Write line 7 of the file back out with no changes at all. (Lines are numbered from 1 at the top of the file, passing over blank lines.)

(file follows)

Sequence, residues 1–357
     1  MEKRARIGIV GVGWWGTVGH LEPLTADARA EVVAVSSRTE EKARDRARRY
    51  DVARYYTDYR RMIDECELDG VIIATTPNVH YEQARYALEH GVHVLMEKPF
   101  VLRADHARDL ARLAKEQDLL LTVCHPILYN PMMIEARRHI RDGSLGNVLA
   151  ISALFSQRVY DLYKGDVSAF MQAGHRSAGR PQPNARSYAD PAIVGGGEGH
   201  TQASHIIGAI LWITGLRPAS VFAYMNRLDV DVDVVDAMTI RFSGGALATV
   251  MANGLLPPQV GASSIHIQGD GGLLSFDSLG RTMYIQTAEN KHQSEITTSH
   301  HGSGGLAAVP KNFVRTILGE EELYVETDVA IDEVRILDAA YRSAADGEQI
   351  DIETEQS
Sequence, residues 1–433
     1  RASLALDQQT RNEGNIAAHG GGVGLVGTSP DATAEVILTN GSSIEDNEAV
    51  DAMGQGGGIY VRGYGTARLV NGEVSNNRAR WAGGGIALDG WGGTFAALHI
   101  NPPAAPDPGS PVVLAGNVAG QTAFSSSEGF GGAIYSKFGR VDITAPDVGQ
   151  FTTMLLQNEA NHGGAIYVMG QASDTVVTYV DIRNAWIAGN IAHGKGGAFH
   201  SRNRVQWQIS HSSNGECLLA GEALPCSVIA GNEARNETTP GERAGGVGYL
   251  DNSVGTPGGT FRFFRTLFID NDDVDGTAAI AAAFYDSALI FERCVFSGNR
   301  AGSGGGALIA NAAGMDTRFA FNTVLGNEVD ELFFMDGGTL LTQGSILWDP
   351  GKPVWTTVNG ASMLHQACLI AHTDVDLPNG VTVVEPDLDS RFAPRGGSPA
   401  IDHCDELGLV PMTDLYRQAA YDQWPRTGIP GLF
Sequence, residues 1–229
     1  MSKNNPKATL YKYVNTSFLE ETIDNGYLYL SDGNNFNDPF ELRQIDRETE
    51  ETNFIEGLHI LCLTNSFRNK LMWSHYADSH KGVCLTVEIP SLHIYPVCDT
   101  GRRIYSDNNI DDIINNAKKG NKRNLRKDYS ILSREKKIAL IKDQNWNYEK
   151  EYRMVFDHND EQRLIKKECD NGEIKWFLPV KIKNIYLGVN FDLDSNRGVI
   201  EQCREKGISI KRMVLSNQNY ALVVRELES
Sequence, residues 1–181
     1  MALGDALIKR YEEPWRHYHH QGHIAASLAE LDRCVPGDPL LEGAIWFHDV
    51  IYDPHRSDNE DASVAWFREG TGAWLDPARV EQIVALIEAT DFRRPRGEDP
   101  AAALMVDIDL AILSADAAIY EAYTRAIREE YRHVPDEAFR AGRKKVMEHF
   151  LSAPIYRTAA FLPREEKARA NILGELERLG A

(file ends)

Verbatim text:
   251  MANGLLPPQV GASSIHIQGD GGLLSFDSLG RTMYIQTAEN KHQSEITTSH